In fight against militants, Lebanon bolstered by US, Gulf countries
The Lebanese army, carrying out a major offensive against Fatah al-Islam, has little combat experience and outdated equipment.
NAHR AL-BARED CAMP, north Lebanon
Ill-equipped, overstretched, and largely untested, the Lebanese Army faces a formidable challenge as it presses ahead with an air, sea, and land assault against a band of several hundred militants besieged in this Palestinian refugee camp.Skip to next paragraph
Subscribe Today to the Monitor
Amid the worst internal violence since Lebanon's 16-year civil war ended in 1990, the Lebanese Army on Friday launched a major offensive against the militants to crush them once and for all.
But the troops face an enemy whose leaders have sworn to fight to the death. The battle represents the first big test for the Lebanese Army since Syria withdrew its forces from Lebanon two years ago.
"The Lebanese Army was accused of doing nothing during last summer's war [between Hizbullah and Israel], and they can't afford to be accused of the same thing again. I think that's very much at the back of their mind," says Timur Goksel, a Beirut-based consultant on Middle East security affairs who was a longtime United Nations peacekeeper in south Lebanon.
Military diplomats in Beirut say the special forces are highly motivated and take training seriously. But unlike many of the militants, who have fought American troops in Iraq, the Lebanese have had little combat experience.
To help the Lebanese government crush the militants, the US – which has increased its military aid to Lebanon sevenfold in the last year – and some Gulf countries last week flew in planeloads of equipment, thought to include additional ammunition, night-vision goggles, and antitank missiles.
Prime minister calls for surrender
The fighting began two weeks ago when Fatah al-Islam militants attacked and overran Army positions surrounding the Nahr al-Bared camp. At least 10 soldiers were killed, some of them decapitated.
Troop reinforcements were rushed to the camp and the Army positions were quickly retaken. An intermittent cease-fire in the following days allowed two-thirds of the camp's population of around 40,000 to flee. UN workers responsible for the Palestinians' welfare estimate that some 5,000 to 8,000 refugees remain.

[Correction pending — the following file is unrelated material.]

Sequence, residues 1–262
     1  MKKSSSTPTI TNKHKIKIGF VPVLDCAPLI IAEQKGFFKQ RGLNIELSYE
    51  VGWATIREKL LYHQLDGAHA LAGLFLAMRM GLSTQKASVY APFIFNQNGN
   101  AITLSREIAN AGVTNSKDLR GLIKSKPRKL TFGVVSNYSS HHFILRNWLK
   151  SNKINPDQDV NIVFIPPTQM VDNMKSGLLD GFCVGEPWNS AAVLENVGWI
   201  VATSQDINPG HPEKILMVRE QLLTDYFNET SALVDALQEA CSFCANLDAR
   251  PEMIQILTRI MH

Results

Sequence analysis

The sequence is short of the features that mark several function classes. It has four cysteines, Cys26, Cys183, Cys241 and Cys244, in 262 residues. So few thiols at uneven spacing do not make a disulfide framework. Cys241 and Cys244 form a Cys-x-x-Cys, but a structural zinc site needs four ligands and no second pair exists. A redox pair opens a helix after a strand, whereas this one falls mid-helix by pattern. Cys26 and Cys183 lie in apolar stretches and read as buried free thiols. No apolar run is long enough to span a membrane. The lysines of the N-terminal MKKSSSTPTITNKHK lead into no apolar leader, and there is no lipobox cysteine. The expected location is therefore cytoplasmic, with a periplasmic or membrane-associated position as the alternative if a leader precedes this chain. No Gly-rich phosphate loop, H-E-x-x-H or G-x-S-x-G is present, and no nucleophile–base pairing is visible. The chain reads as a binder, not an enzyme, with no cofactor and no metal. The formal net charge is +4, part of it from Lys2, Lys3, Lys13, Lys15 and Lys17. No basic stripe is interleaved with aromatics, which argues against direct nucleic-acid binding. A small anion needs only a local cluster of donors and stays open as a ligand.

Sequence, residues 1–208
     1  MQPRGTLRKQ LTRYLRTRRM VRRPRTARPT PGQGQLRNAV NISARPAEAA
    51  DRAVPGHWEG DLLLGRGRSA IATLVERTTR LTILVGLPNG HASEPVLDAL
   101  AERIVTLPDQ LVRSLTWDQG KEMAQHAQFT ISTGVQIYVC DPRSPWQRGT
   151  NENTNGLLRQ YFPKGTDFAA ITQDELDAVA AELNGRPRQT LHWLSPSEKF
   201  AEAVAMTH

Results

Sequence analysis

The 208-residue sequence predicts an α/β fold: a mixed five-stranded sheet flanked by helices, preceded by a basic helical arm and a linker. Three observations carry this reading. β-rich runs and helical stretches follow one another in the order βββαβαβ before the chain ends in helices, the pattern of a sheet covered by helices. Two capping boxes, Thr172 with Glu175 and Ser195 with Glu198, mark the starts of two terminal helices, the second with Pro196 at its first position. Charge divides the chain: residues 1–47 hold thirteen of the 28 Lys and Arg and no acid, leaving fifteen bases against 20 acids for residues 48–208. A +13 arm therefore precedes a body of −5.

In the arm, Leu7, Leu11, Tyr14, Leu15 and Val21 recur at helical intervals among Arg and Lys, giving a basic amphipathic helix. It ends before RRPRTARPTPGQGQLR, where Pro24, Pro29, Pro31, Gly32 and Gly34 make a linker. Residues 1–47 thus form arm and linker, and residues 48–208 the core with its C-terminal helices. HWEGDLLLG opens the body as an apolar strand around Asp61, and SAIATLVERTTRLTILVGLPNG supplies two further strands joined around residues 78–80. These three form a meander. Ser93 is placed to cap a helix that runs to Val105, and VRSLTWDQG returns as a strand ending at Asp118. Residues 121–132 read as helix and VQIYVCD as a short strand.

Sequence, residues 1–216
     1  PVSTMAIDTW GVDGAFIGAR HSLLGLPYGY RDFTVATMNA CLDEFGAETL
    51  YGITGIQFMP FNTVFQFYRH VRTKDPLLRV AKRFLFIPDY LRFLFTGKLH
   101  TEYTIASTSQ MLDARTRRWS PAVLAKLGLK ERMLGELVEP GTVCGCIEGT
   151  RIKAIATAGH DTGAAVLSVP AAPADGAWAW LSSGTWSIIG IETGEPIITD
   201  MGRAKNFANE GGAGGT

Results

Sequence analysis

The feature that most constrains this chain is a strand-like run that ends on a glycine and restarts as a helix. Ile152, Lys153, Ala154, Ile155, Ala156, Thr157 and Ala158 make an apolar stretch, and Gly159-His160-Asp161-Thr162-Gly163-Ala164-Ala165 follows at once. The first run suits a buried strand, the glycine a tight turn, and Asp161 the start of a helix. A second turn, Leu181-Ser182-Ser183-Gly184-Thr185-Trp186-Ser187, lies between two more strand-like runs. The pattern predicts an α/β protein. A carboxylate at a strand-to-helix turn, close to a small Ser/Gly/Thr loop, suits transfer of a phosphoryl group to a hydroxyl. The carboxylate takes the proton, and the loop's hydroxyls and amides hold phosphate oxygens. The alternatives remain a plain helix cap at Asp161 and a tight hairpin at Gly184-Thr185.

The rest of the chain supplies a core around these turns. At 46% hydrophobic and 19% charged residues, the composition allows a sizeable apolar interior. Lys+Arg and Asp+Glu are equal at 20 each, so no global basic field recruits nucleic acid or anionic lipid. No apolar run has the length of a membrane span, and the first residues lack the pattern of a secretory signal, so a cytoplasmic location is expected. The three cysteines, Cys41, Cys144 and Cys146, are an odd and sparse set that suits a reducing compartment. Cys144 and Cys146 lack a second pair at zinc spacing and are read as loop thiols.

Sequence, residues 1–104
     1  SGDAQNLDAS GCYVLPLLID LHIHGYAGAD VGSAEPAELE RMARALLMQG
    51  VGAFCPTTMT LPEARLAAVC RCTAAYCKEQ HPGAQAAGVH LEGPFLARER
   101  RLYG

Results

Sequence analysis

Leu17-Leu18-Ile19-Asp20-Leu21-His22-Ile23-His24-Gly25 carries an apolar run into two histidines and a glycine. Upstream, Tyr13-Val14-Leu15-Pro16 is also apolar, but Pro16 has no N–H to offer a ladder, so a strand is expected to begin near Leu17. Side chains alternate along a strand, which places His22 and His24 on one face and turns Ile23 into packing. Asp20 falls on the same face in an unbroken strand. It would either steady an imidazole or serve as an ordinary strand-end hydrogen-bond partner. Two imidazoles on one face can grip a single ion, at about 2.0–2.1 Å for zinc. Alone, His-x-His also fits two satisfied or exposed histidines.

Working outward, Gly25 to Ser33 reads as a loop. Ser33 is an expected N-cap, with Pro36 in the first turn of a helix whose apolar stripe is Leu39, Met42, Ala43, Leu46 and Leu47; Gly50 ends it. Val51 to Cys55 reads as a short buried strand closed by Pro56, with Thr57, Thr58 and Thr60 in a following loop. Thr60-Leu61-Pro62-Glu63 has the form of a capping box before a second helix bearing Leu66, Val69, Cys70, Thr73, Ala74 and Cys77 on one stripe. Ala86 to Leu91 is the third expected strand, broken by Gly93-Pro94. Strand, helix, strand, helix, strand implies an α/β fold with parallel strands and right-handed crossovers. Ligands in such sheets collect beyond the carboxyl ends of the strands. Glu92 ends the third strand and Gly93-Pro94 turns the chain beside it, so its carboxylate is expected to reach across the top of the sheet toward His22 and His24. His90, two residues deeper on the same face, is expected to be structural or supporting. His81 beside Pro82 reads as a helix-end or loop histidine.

On Saturday, Prime Minister Fouad Siniora warned the militants to surrender or be killed, calling them a "terrorist gang." He said that any militant who surrenders would receive a fair trial.
But Abu Hurreira, a Lebanese and spokesman for Fatah al-Islam, told the Associated Press that they would fight to the death. "Let them come; we are ready," he said by phone from inside the camp, a small coastal area of densely packed three- or four-story buildings separated by narrow alleyways.
The special forces troops inching into the camp, driving the militants back into their stronghold, face an unusual array of deadly booby traps, including roadside bombs, car bombs, bottles of propane gas rigged together, and even donkeys and dogs fitted with explosives and sent toward Army lines. Seven soldiers were killed on the first two days of the offensive. The number of casualties among Fatah al-Islam and civilians inside the camp is unknown.
"Fighting in built-up areas is an art form and the Lebanese Army has no real experience [in] it," says a Western Army officer working with a UN agency in Beirut.
But Nizar Abdel-Kader, a retired general in the Lebanese Army and military analyst, says that the Lebanese special forces are among the best-trained troops in the Middle East and are capable of fighting even in the cramped confines of the camp.